The upper or interior surfaces 72a and 86a of the diametrically opposed flanges 72 and 86, respectively, are tapered downwardly and outwardly about 5° to facilitate engagement of the channels 74 and 88 with the interior circumferential surface 11 of the orifice ring 4. The lever sections 52 and 54 also each have an upper groove 96 and 98, respect of which are aligned with similar grooves 97 (FIGS. 3 and 4) in the body 56, to form a 360° cavity, in which a flexible tensile member 99 is held as described further herein. The grooves 97 (only one is shown), as depicted in FIGS. 3 and 4, which together with grooves 96 and 98 define the 360° cavity or annular channel are diametrically opposed. The flexible tensile member 99 may be a thread or suture. The channels 74 and 87 are each preferably slightly wider, as for example, by about 0.020 inch, than the height of the orifice ring 4 to facilitate engagement of the holder to the orifice ring.
Still referring to FIGS. 5 and 6, reliefs 58a and 58b at an end 60 of the holder 50 extend into the body 56 as well as into tapered sections 68 and 82 to form a bore 58. Although relatively shallow, the bore 58 provides clearance for the leaflets 7 of the valve 2 when the valve is engaged by the lever sections 52 and 54. Curved under surfaces 90 at diametrically opposed locations also provide clearance for the leaflets.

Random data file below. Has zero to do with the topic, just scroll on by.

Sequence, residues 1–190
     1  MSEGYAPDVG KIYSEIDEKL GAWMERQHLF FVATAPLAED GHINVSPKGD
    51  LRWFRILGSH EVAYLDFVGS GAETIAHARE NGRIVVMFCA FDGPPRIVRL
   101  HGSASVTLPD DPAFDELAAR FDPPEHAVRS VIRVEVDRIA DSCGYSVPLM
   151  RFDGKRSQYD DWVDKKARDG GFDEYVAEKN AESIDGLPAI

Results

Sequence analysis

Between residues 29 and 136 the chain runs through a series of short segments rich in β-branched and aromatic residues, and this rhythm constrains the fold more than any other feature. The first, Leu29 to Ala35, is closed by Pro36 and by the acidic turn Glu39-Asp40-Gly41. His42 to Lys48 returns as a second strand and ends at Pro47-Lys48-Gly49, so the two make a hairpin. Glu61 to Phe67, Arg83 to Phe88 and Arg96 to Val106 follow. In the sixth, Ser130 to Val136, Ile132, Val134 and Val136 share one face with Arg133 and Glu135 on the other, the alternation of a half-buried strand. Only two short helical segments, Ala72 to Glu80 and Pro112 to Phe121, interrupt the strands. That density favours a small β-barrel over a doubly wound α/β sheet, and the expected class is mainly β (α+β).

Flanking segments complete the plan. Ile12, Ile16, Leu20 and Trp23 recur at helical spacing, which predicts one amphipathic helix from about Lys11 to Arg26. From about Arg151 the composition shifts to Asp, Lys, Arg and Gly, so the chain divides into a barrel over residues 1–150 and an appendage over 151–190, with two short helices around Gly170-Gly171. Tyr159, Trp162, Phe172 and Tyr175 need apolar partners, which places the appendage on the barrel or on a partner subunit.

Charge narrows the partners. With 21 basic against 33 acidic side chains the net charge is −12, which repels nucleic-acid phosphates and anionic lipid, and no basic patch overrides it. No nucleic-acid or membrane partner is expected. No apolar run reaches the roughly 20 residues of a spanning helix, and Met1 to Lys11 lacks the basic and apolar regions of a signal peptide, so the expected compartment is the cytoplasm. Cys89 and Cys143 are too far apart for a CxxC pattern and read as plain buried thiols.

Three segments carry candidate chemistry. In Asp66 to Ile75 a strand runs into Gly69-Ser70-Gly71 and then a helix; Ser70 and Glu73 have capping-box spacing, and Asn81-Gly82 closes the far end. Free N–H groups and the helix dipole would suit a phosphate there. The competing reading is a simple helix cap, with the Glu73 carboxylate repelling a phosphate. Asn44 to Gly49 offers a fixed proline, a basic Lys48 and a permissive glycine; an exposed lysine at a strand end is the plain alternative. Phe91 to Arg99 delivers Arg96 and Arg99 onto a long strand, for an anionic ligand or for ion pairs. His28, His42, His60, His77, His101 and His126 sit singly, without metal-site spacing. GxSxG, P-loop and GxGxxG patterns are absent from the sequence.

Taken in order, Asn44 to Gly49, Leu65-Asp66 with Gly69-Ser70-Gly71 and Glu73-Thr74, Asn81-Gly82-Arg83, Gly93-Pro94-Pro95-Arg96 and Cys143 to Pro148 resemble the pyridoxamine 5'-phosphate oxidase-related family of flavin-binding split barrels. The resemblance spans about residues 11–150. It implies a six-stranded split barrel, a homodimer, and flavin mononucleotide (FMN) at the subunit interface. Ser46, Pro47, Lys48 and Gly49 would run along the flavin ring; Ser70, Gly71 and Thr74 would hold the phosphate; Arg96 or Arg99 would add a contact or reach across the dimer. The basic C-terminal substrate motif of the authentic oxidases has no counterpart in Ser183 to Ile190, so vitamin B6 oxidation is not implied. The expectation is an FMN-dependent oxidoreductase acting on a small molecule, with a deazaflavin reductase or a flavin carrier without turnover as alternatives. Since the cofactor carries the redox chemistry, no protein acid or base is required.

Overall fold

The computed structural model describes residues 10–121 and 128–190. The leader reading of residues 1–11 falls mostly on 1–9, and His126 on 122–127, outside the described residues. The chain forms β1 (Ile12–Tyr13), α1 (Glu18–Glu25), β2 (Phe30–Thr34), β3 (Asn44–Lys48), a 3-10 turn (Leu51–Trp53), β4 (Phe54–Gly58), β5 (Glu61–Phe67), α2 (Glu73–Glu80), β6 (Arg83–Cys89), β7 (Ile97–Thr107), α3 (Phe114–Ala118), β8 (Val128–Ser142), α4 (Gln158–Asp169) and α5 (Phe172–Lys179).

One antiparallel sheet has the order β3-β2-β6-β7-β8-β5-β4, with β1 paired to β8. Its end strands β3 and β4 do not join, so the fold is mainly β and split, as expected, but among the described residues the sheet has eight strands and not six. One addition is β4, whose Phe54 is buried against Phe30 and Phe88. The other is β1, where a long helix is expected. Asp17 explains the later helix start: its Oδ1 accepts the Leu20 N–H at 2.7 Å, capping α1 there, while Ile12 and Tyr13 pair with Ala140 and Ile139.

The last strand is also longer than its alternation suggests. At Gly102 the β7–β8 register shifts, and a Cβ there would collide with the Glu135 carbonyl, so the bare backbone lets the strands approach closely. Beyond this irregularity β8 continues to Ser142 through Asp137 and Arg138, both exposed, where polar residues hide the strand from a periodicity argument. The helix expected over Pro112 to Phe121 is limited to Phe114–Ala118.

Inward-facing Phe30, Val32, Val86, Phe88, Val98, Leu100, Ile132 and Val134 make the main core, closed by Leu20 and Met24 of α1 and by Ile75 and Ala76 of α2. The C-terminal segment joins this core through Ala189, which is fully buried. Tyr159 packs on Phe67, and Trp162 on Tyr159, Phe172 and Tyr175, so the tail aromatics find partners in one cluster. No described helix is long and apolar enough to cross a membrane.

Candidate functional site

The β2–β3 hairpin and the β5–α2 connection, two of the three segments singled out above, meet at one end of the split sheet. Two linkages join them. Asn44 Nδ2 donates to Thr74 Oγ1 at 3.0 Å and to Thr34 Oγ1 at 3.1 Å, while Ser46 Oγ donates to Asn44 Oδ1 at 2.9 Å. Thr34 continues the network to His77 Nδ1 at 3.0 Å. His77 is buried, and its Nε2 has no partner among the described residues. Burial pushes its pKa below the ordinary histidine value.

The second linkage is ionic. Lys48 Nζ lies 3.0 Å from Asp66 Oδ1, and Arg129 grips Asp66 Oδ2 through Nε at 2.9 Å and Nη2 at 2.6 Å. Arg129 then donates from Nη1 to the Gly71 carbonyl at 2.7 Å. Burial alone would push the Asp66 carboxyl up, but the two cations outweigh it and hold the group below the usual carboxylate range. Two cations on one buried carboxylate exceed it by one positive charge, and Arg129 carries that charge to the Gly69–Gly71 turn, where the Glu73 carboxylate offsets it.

Engagement of the holder 50 to the valve 2 is described below with reference to FIGS. 3, 4, and 5. The tapered sections 68 and 82 are inserted through the passageway 5 of the orifice ring 4 until the channels 74 and 87 are substantially positioned to align with the orifice ring. The overall lengths of the arc lengths of the flanges 72 and 86, and of the arc lengths of the flanges 84 and 86, are sized to easily fit through the passageway 4 of the heart valve 2. Then, tensile member 99 is positioned within grooves 96, 97, and 98, and tied tightly enough so that the actuation arm regions 76 and 89 near the upper end 59 of body 56 are inwardly and angularly displaced towards one another to reduce the angles a and d, respectively. Such inward rotation of the actuation arm regions causes lower ends 52a and 54a to be outwardly displaced in the direction of arrows 150 and 151 (FIG. 4) so that channels 74 and 87 engage and abut the inner circumferential surface 11 of the orifice ring 4. When tied around the body 50, the tensile member 99 prevents flexure regions 55 and 57, and hence actuation arm regions 76 and 89 from returning to their unstressed, originally molded orientation which would result in disengagement of the holder 50 from the heart valve prosthesis 2.